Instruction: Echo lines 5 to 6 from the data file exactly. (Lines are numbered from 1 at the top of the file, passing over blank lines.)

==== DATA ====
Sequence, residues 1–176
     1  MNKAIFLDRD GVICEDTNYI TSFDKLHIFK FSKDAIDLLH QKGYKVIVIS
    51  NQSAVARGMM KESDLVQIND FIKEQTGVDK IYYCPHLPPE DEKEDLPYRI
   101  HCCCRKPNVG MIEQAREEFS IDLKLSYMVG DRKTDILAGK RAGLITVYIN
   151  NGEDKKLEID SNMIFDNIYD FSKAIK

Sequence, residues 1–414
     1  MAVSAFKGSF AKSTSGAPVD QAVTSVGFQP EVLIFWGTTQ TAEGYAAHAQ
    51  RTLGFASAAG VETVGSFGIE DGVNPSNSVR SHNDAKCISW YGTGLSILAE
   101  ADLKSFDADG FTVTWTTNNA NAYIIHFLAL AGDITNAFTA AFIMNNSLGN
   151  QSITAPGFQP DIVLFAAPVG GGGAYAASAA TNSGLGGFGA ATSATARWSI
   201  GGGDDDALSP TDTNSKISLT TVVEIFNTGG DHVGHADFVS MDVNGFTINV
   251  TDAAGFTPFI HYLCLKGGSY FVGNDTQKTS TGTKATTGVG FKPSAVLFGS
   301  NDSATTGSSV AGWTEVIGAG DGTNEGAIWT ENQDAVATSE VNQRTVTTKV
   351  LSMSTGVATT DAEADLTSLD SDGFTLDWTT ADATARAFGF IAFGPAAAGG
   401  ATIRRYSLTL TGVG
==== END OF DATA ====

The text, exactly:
   151  NGEDKKLEID SNMIFDNIYD FSKAIK

Sequence, residues 1–414